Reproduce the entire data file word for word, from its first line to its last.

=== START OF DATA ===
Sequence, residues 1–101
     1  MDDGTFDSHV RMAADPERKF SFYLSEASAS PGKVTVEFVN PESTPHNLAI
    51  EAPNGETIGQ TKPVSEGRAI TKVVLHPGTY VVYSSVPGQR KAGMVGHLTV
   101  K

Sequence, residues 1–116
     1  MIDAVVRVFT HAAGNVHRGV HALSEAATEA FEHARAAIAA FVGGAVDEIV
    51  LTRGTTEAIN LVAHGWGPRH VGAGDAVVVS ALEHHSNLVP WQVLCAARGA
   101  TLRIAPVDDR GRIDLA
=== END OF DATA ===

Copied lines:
Sequence, residues 1–101
     1  MDDGTFDSHV RMAADPERKF SFYLSEASAS PGKVTVEFVN PESTPHNLAI
    51  EAPNGETIGQ TKPVSEGRAI TKVVLHPGTY VVYSSVPGQR KAGMVGHLTV
   101  K

Sequence, residues 1–116
     1  MIDAVVRVFT HAAGNVHRGV HALSEAATEA FEHARAAIAA FVGGAVDEIV
    51  LTRGTTEAIN LVAHGWGPRH VGAGDAVVVS ALEHHSNLVP WQVLCAARGA
   101  TLRIAPVDDR GRIDLA